1.0 The Statement
Our English word “parable” is a transliteration of the Greek “parabole” which simply means: “To place besides, to cast alongside:”
- Parable is an illustration that places one thing beside another for the purpose of teaching.
- Parable puts the known next to the unknown so that we may learn.
- Parable is an earthly illustration with a heavenly message. This links the natural with the spiritual.
Matthew 13:45-46 (KJV) “Again, the Kingdom of Heaven is like unto a merchant man, seeking goodly pearls. Who, when he had found one pearl of great price, went, and sold all that he had, and bought it.”
- Some parables are long and detailed, such as the “Parable of the Sower” (Matthew 13:3-23), while other are quite brief, such as the “Parable of the Household” (Matthew 13:52).
- The term “Parable” is used 48 times in the Gospels of Matthew, Mark and Luke. The word translated “Parable” in the Authorised Version of John 10:6 is not “parabole” (Greek), but “paroimia” (Greek), which is better translated “figure of speech” or “proverb” – John 10:6 “This parable (figure of speech) spake Jesus unto them: but they understood not what things they were which He spake unto them.”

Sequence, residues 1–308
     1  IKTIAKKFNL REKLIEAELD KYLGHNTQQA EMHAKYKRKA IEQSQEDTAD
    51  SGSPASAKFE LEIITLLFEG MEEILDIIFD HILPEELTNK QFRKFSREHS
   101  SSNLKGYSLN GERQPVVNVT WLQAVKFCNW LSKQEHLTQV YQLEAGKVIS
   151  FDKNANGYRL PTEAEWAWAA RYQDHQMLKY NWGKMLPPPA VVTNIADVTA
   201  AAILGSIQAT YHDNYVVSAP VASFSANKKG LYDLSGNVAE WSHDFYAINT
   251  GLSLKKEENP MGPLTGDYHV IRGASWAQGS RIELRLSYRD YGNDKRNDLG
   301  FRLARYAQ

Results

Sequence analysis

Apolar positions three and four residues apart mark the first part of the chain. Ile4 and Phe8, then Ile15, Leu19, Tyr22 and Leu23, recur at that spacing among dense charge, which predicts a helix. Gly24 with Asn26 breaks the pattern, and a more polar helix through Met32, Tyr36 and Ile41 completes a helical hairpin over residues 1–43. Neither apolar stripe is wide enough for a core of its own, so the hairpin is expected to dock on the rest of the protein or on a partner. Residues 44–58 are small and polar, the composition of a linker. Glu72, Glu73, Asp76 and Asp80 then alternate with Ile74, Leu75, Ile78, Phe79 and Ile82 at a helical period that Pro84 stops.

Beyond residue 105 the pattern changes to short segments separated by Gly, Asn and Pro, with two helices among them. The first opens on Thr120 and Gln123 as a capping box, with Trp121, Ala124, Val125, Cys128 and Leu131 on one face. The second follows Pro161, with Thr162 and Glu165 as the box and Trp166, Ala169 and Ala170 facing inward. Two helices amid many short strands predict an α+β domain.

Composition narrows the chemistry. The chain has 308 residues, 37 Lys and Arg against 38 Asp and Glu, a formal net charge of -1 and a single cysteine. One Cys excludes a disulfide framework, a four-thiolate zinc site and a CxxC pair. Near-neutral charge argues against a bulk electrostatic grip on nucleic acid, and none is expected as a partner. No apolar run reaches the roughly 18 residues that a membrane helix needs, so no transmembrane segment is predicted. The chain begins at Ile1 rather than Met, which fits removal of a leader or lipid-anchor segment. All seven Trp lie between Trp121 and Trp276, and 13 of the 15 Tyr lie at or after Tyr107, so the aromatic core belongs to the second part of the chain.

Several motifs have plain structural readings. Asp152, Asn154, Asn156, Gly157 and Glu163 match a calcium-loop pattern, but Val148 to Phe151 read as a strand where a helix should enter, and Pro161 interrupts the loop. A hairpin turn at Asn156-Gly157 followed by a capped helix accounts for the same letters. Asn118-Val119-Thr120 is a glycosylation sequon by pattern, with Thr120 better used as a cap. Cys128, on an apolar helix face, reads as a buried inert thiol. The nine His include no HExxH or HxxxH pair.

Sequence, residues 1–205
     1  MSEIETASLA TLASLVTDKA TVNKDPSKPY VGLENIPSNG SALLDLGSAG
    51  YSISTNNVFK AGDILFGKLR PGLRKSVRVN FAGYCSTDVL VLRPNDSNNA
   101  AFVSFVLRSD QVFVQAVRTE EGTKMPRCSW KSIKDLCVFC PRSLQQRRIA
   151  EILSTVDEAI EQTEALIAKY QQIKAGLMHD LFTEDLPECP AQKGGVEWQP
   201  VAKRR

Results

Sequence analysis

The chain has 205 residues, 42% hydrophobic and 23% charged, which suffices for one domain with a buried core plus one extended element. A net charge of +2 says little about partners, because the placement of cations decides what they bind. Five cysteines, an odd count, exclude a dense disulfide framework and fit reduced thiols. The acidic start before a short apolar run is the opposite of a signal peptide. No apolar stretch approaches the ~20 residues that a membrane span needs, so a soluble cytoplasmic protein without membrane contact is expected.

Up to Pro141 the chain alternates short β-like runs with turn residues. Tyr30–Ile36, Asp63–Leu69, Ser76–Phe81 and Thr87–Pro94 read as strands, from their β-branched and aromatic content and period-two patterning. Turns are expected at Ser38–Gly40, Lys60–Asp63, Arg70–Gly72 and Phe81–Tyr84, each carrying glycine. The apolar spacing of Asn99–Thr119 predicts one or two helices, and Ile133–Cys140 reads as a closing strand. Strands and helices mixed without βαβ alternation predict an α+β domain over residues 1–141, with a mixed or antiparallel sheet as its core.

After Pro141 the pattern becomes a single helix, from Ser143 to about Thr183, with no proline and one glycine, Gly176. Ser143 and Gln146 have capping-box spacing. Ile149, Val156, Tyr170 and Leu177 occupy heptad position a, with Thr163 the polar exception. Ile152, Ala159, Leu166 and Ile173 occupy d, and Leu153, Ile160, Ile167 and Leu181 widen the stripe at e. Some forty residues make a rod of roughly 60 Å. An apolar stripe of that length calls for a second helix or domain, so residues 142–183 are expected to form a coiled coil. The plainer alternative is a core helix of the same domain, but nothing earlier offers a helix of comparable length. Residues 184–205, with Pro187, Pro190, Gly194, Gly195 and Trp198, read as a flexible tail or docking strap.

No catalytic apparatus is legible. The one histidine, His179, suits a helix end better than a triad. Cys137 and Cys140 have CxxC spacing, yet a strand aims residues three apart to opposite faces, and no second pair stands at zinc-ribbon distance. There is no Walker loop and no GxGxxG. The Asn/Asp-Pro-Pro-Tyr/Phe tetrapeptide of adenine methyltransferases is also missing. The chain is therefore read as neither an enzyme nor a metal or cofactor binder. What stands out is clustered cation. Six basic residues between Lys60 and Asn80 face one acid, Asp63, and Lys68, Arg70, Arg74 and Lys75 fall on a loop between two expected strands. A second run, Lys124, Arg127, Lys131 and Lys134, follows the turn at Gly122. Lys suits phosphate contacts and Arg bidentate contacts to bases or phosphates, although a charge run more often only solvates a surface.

1.1 Why Parables?
The Jewish Rabbi used “Parables” in their teaching however, Jesus is the Greatest Exponent of “Parabolic teaching.” The reasons for teaching in Parables:
First Reason – “Truth Hidden” – When Jesus’ Disciples asked Him the reason for His teaching in Parables (Matthew 13:10), Jesus replied by quoting a prophecy found in Isaiah 6:9-10 which was recorded in Matthew 13:13-15“Therefore speak I to them in parables: because they seeing see not; and hearing they hear not, neither do they understand. And in them is fulfilled the prophecy of Isaiah, which saith, by hearing ye shall hear, and shall not understand; and seeing ye shall see, and shall not perceive: For this people’s heart is waxed gross, and their ears are dull of hearing, and their eyes they have closed; lest at any time they should understand with their heart, and should be converted, and I should heal them” (KJV).
1. Jesus teaches that He had hidden spiritual truth in the Parables – Proverbs 25:2 (KJV) “It is the Glory of God to conceal a thing, but the honour of Kings is to search out a matter.”